IESE Celebrates A Big Birthday

IESE is ranked as the fifth best business school among non-U.S. institutions by Poets&Quants.

IESE is ranked as the fifth best business school among non-U.S. institutions by Poets&Quants.

The IESE Business School at the University of Navarra is over the hill. But like good whiskey, decision-making skills and vocabulary, IESE continues to get better with age—or at least consistent. The end of the 2014 fall semester marked the 50th anniversary of the first two-year MBA program in Europe. The school has consistently ranked among the top five programs in Europe and top 15 in the world for years.

In 1980, IESE became the first school in the world to offer a bilingual MBA program. And appropriate for a school which prides itself on diversity, the 50th anniversary graduating class was 83% international. The 291 graduating students came from 57 different countries.

The Barcelona-based school has gone through many changes since 1964. The MBA program was established under a joint advisory committee with Harvard Business School. The inaugural class had 120 applicants for 31 spots. Since then, the program has expanded with exchange programs to 30 different schools around the world and modules in New York City, Sao Paulo, Nairobi and Shanghai. Additionally, the school offers a very customized degree with 70 elective courses. Professor Carlos Garcia-Pont has witnessed much of the growth first-hand.

Garcia-Pont came to IESE in 1985 for an MBA. After graduating in 1987, he went to MIT’s Sloan for a PhD in international management. On February 28, 1992, Garcia-Pont found himself at a friend’s wedding and in a conversation about coming back to IESE to teach. He took the opportunity and has been there ever since.


The main change in the past 30 years, according to Garcia-Pont, is the number of international students attending the school – which has changed everything from teaching style and environment to classroom culture.

“When I did the MBA here, we were a local school,” Garcia-Pont says. “It was probably 70 to 80 per cent Spaniards and now it is the opposite. We worked in groups when I was here and I remember being in a group of Spaniards. I put a group together this semester and realized it was a group with a Spaniard, Indian, Peruvian, American, Austrian and a Japanese.”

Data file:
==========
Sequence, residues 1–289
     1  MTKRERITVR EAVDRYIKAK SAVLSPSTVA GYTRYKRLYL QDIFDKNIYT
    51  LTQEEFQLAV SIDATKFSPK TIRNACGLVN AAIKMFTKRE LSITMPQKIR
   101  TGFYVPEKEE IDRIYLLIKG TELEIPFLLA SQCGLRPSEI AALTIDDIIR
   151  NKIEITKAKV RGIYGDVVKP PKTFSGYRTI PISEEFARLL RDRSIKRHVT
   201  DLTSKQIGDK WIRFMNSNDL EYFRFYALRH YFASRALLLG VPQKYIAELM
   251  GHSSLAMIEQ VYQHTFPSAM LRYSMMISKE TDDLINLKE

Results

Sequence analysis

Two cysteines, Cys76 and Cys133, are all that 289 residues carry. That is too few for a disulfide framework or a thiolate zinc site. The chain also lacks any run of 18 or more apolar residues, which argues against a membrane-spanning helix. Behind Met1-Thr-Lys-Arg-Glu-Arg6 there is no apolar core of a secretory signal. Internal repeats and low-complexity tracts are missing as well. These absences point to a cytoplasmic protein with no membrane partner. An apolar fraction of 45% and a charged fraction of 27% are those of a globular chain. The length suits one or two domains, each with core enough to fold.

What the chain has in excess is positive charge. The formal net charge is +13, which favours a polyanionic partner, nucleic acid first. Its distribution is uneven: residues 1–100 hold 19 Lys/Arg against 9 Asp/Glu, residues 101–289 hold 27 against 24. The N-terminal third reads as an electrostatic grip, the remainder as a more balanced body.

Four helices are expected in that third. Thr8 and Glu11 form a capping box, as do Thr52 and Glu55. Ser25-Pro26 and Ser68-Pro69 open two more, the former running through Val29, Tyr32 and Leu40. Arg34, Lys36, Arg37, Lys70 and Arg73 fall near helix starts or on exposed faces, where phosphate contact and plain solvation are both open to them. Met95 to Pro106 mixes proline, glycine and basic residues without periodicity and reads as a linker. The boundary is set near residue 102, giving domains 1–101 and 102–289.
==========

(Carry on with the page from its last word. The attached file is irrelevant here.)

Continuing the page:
Students have to problem solve from the beginning, to communicate with peers. Just because they might all speak English or Spanish doesn’t mean they all speak the same kind.

“Someone who learned to speak English in France speaks it differently than someone who learned to speak the language in China,” Garcia-Pont says. “So before they can collaborate and work together, they have to learn how to communicate effectively. And I think they are better off for it. It is a unique environment to truly learn how to conduct business in an international setting.”


One thing that has remained the same is IESE’s emphasis on working across cultures. It is about quickly learning the values and culture another person is coming from—or at least to understand that culture and values that come with it. “The frame of reference is different depending on where you are coming from,” Garcia-Pont says. “The other day I overheard a group made up of students from Japan, Taiwan and Europe. They were making jokes about how they couldn’t possibly do business with someone from Japan because they refuse to agree with anyone. Obviously it was all in good nature and provided another learning experience for them all.”

And so it makes sense when Garcia-Pont says another evolution within IESE has been emphasis on the idea that business education should be less about the academics and more about the interaction. “A business in one place is different than another place,” Garcia-Pont says. “And the meaning of business is different in one place than another. Which is why we emphasize interaction and relationships and diversity.”

Garcia-Pont also says the school continues to develop its focus on general management. That is highlighted the most with the addition of general electives and the emphasis on customization. Students are encouraged to manage their education. “We tell them at the beginning the first year is ours and they will do what we say but the second year is theirs and they can do whatever they want,” Garcia-Pont says. “In most firms and companies, you are given a problem and told to go solve it. So we look at that second year as a time for them to solve the problem of what they want their MBA experience to really look like.”


In terms of future trends, Garcia-Pont sees two. First, students are increasingly going the entrepreneurship route and straying from the traditional corporate sequence. Tech companies are also increasingly seeking out IESE students. Also, IESE is continually testing the opportunities of blended learning. But because of the depth at which professors at IESE try to teach, Garcia-Pont does not see the MBA trending as much to blended learning as other degrees.

“The generation entering MBA programs now is what I call the PlayStation generation,” Garcia-Pont says. “They are looking for more technology. And you can teach finance or accounting with technology, but not the human relations component. You need residential for that.”

Above all, Garcia-Pont says the focus should be on the students.

“This school believes in the students,” Garcia-Pont says. “What we are hoping to say to them from the beginning is this is your place and your house. Each class is theirs and the school is theirs. It is here to be shared and theirs for their growth and development.”


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